Russia was behind the hacks into the Democratic National Committee's computer network that led to the release of thousands of internal emails just before the party's convention began, U.S. intelligence agencies have reportedly concluded.
The FBI is investigating. WikiLeaks promises there is more data to come. The political nature of this cyberattack means that Democrats and Republicans are trying to spin this as much as possible. Even so, we have to accept that someone is attacking our nation's computer systems in an apparent attempt to influence a presidential election. This kind of cyberattack targets the very core of our democratic process. And it points to the possibility of an even worse problem in November that our election systems and our voting machines could be vulnerable to a similar attack.
If the intelligence community has indeed ascertained that Russia is to blame, our government needs to decide what to do in response. This is difficult because the attacks are politically partisan, but it is essential. If foreign governments learn that they can influence our elections with impunity, this opens the door for future manipulations, both document thefts and dumps like this one that we see and more subtle manipulations that we don't see.
Retaliation is politically fraught and could have serious consequences, but this is an attack against our democracy. We need to confront Russian President Vladimir Putin in some way politically, economically or in cyberspace and make it clear that we will not tolerate this kind of interference by any government. Regardless of your political leanings this time, there's no guarantee the next country that tries to manipulate our elections will share your preferred candidates.
Even more important, we need to secure our election systems before autumn. If Putin's government has already used a cyberattack to attempt to help Trump win, there's no reason to believe he won't do it again especially now that Trump is inviting the "help."
Over the years, more and more states have moved to electronic voting machines and have flirted with Internet voting. These systems are insecure and vulnerable to attack.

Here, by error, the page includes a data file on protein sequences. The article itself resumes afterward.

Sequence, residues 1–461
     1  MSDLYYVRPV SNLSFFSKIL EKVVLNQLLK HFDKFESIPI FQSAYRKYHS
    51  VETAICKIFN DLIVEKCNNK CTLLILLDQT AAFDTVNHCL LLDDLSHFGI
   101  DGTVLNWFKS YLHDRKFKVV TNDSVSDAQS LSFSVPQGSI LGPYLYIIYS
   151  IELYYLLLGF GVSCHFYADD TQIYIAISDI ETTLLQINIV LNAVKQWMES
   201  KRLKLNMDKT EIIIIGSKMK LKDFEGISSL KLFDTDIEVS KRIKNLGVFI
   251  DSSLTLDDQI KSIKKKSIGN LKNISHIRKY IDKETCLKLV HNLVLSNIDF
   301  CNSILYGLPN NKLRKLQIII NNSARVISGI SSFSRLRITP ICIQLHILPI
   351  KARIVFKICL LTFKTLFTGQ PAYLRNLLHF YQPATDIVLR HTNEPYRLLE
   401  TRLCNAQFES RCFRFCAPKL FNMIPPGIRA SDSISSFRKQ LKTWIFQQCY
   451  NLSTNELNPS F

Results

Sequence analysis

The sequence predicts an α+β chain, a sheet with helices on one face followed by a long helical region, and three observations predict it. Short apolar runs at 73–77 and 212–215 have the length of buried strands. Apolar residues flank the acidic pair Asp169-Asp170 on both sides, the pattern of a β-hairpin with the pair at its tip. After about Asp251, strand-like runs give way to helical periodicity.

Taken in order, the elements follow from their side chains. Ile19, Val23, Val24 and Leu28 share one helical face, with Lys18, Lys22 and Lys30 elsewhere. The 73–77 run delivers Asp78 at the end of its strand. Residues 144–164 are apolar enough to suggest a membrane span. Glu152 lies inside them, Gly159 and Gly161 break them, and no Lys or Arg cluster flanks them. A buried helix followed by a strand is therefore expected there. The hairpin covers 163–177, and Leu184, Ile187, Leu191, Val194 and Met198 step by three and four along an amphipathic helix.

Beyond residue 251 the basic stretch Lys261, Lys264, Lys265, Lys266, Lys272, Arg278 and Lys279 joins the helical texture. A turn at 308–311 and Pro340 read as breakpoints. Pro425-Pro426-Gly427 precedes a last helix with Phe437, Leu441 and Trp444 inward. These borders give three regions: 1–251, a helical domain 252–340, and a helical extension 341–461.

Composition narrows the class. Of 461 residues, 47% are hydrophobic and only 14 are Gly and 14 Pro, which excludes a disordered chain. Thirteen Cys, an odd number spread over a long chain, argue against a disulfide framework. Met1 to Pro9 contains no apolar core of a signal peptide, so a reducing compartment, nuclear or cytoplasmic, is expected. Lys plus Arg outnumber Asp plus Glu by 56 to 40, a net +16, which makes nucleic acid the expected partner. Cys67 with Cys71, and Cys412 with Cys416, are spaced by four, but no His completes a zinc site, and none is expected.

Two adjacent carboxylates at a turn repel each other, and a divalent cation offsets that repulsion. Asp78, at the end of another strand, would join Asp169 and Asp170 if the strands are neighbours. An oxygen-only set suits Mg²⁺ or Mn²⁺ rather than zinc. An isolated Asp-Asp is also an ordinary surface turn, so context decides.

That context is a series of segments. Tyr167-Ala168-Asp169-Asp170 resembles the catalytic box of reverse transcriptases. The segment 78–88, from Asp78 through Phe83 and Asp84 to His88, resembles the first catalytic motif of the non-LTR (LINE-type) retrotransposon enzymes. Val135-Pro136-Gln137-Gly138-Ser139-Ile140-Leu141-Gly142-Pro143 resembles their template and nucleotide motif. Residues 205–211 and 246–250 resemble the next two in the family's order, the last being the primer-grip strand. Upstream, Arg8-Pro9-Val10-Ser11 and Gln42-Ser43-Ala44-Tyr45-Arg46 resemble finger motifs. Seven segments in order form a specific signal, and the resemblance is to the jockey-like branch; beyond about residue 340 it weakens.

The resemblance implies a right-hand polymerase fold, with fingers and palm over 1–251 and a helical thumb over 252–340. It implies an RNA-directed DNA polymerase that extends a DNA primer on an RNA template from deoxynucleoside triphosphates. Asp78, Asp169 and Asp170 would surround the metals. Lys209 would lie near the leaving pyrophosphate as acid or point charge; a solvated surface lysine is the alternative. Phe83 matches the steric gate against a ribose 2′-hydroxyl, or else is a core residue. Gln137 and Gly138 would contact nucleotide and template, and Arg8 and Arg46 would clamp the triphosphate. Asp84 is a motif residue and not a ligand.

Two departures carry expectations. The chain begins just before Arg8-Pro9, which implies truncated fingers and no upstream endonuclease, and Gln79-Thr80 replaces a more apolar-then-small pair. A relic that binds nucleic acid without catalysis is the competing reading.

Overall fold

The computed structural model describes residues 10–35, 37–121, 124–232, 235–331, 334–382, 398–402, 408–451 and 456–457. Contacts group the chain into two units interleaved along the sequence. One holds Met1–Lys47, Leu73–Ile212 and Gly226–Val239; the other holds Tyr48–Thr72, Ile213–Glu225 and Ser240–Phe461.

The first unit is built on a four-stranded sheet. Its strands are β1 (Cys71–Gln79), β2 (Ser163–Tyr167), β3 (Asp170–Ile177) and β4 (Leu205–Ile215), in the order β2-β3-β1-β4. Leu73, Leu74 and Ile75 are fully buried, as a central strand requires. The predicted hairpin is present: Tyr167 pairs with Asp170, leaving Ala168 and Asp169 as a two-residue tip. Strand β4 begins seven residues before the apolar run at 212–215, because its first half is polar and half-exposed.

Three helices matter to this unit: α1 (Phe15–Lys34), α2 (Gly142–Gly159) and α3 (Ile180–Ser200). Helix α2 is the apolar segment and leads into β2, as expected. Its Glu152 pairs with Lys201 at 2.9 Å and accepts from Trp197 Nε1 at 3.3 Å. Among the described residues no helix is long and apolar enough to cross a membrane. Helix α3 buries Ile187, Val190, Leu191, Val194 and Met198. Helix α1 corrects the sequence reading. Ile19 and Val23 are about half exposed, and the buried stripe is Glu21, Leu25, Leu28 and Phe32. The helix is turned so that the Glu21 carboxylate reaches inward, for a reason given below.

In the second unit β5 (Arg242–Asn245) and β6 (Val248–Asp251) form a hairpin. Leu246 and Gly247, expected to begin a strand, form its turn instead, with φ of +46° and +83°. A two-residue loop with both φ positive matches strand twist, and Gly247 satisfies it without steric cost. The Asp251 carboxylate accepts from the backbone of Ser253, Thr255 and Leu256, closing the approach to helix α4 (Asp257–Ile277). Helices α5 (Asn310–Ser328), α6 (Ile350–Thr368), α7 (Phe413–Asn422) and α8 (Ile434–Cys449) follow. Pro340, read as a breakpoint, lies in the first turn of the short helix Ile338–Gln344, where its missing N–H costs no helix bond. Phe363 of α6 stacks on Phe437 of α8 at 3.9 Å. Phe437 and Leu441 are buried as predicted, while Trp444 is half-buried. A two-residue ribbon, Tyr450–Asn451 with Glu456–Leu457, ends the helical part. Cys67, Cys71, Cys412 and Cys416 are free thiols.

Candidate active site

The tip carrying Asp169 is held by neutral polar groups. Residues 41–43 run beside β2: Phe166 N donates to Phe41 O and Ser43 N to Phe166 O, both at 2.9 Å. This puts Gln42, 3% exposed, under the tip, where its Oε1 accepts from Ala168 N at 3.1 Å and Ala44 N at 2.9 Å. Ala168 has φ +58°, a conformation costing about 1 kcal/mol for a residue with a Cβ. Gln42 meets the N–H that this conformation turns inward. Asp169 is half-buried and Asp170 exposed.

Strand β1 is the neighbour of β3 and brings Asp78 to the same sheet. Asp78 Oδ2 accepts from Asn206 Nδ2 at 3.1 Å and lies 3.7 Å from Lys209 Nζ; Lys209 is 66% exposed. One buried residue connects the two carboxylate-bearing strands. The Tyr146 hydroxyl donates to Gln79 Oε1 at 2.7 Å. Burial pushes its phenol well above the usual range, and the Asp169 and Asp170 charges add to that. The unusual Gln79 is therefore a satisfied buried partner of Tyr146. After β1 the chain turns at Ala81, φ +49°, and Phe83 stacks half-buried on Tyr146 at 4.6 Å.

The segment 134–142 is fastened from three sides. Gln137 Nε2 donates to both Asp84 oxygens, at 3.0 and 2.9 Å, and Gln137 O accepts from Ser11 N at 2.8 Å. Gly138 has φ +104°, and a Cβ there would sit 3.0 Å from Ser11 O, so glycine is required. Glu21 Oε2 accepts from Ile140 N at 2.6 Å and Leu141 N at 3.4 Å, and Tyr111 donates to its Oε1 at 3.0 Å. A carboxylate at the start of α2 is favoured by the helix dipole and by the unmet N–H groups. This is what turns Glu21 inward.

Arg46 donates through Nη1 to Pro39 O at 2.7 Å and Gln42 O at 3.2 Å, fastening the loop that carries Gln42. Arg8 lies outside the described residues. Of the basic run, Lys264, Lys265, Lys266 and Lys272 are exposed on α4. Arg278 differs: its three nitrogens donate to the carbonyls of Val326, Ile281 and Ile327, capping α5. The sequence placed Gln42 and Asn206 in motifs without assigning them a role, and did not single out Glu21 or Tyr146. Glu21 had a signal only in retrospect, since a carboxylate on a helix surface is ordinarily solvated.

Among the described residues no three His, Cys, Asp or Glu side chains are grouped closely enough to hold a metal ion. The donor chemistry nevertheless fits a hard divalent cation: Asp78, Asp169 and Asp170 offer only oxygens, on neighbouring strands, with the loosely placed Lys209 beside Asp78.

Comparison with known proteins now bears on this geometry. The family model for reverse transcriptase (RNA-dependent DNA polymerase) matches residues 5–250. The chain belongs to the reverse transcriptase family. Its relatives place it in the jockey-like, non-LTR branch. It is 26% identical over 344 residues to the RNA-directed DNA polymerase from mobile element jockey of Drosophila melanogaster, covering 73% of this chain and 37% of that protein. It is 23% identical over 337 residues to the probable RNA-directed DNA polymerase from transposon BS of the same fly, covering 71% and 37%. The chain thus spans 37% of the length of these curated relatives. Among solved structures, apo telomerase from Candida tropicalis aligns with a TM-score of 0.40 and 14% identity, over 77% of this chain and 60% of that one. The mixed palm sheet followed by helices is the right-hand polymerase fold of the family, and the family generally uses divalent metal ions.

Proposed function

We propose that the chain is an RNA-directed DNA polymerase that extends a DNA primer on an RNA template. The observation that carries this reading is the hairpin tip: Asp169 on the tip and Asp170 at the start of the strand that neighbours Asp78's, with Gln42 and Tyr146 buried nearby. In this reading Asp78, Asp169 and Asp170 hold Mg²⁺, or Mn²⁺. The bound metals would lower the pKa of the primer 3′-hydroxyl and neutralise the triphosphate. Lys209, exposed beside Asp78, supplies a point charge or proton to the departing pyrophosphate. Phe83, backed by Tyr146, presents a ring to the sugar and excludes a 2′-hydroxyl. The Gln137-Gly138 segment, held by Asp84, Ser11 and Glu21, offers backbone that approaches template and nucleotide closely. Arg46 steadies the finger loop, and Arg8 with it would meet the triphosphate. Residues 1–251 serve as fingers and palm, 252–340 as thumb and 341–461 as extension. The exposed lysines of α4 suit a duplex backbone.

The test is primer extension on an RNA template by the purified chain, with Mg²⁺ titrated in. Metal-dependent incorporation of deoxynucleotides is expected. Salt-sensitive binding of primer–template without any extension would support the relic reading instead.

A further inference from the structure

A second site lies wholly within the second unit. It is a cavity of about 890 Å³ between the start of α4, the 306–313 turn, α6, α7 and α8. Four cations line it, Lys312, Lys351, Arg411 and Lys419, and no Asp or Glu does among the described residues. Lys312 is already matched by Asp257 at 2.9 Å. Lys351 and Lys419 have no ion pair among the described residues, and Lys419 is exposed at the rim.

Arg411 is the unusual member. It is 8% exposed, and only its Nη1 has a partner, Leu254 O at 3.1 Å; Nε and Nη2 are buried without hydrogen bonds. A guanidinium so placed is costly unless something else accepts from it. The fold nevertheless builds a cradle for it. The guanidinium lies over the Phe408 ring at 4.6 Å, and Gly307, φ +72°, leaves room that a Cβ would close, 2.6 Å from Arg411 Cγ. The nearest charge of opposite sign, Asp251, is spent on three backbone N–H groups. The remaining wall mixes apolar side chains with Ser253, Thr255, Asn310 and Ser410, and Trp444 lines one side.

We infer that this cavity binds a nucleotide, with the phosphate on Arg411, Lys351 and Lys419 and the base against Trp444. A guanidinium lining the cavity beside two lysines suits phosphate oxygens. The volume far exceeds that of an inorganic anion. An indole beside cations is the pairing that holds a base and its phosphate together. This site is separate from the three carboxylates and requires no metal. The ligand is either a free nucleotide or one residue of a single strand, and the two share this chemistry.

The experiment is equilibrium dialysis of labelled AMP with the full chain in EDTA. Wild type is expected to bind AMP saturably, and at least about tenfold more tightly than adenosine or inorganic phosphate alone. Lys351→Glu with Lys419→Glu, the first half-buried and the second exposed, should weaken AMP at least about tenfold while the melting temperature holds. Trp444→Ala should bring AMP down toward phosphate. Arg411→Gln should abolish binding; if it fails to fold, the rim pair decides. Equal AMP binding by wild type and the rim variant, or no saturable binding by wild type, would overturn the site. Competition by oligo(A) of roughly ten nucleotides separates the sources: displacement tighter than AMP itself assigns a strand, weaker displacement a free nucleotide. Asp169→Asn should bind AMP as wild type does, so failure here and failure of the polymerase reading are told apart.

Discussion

But while computer security experts like me have sounded the alarm for many years, states have largely ignored the threat, and the machine manufacturers have thrown up enough obfuscating babble that election officials are largely mollified.
We no longer have time for that. We must ignore the machine manufacturers' spurious claims of security, create tiger teams to test the machines' and systems' resistance to attack, drastically increase their cyber-defenses and take them offline if we can't guarantee their security online.
Longer term, we need to return to election systems that are secure from manipulation. This means voting machines with voter-verified paper audit trails, and no Internet voting. I know it's slower and less convenient to stick to the old-fashioned way, but the security risks are simply too great.
There are other ways to attack our election system on the Internet besides hacking voting machines or changing vote tallies: deleting voter records, hijacking candidate or party websites, targeting and intimidating campaign workers or donors. There have already been multiple instances of political doxing publishing personal information and documents about a person or organization and we could easily see more of it in this election cycle. We need to take these risks much more seriously than before.
Government interference with foreign elections isn't new, and in fact, that's something the United States itself has repeatedly done in recent history. Using cyberattacks to influence elections is newer but has been done before, too most notably in Latin America. Hacking of voting machines isn't new, either. But what is new is a foreign government interfering with a U.S. national election on a large scale. Our democracy cannot tolerate it, and we as citizens cannot accept it.
Last April, the Obama administration issued an executive order outlining how we as a nation respond to cyberattacks against our critical infrastructure. While our election technology was not explicitly mentioned, our political process is certainly critical. And while they're a hodgepodge of separate state-run systems, together their security affects every one of us. After everyone has voted, it is essential that both sides believe the election was fair and the results accurate. Otherwise, the election has no legitimacy.
Election security is now a national security issue; federal officials need to take the lead, and they need to do it quickly.
This essay originally appeared in the Washington Post.